Business people rushed to deliver expensive jewelry and cardboard boxes stuffed with cash to the tree-canopied mansion of Taiwan's former leader Chen Shui-bian to secure valuable political favors.
Top chefs prepared exotic dishes to tempt the palate - and win the allegiance - of his wheelchair-bound wife.
Those are some of the allegations emerging from a months-long corruption investigation into Chen's activities. While it is still continuing, it reached a climax of sorts last Friday when prosecutors indicted the 57-year-old on charges of embezzlement and laundering bribes.
Chen's wife, together with 13 other family members and close associates, were also indicted.
The 100-page indictment catalogues a litany of alleged offenses and shed new light on Chen's apparent taste for the high life.
Prosecutors say Chen and his wife Wu Shu-chen together embezzled NT$104 million (US$3.12 million) from a special government fund, and received bribes of US$11.73 million in connection with a government land procurement deal and a separate construction project.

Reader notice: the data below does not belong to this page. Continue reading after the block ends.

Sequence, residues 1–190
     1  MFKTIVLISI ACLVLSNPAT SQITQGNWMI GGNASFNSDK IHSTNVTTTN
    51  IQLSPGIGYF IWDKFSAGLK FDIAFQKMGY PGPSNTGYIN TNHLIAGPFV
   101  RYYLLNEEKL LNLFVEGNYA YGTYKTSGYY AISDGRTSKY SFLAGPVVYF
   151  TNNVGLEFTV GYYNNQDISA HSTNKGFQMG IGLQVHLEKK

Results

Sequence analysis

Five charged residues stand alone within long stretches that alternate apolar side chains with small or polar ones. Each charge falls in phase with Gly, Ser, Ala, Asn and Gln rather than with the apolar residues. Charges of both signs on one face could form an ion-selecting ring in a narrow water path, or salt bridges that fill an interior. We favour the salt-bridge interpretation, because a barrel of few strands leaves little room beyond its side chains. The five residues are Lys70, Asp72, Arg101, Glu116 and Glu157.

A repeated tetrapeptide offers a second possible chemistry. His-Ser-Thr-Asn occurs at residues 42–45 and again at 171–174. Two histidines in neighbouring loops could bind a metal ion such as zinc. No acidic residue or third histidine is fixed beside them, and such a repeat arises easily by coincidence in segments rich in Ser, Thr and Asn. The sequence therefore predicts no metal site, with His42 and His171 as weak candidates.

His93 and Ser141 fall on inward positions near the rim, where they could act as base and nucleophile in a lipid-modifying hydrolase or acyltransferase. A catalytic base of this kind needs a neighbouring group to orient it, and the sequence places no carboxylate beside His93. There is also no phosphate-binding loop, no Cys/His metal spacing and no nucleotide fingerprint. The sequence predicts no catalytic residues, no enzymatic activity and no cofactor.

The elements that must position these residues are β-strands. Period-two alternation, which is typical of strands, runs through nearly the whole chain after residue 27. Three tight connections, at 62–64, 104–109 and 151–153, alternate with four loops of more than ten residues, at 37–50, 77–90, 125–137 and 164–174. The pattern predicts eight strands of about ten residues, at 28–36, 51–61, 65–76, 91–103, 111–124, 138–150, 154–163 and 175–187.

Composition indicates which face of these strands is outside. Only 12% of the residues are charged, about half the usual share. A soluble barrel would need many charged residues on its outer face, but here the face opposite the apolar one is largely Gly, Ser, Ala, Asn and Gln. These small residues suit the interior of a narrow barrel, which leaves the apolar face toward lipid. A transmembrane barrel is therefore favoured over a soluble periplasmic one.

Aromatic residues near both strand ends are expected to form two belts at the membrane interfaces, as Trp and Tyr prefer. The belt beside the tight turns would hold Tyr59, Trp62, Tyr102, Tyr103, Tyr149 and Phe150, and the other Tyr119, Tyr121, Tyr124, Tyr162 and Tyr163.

Prosecutor Lin Che-hui said a particularly damning piece of evidence was the presence of NT$740 million in cash in a Taipei bank safety vault held by Chen and his wife.
After filing the indictment, Lin and his colleagues said they would be pursuing further charges against Chen and his wife based on a series of allegations submitted by their former allies and business associates.
After being questioned by prosecutors last month, at least two Taiwanese financial executives admitted they delivered cash to Chen's residence or deposited money into his family's overseas accounts.
Through her lawyer, Tu Li-ping, a director of Yuanta Securities, told reporters she delivered NT$200 million in cash to Wu at Chen's residence in 2006 on behalf of executives of an affiliated bank. She said the money was an incentive for Wu not to interfere with a merger.
Taiwanese TV stations also reported that leading business people used expensive gifts and exotic food items to win favors from Wu.
Celebrated chef Yuan Wei-hung told the stations he prepared special dishes, such as braised sea cucumbers and turtle soup, for home delivery by business executives to Wu.
Following the indictment, local media reran Chen's earlier assertions that he cared little about money and was only concerned about the public interest.
"This is a case of how power corrupts a man," said political commentator Yang Hsien-hong. "Chen used his power to amass wealth, and hoped to buy a political comeback with the wealth he amassed."
(Shanghai Daily December 15, 2008)